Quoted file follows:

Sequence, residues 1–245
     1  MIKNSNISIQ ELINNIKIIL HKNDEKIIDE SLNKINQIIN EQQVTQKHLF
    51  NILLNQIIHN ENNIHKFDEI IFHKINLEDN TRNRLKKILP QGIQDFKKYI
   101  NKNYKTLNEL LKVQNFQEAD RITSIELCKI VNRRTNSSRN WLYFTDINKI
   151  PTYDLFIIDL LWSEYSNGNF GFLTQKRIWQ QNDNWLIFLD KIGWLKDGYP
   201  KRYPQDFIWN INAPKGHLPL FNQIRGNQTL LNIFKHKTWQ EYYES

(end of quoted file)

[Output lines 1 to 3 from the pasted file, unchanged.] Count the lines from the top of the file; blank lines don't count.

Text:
Sequence, residues 1–245
     1  MIKNSNISIQ ELINNIKIIL HKNDEKIIDE SLNKINQIIN EQQVTQKHLF
    51  NILLNQIIHN ENNIHKFDEI IFHKINLEDN TRNRLKKILP QGIQDFKKYI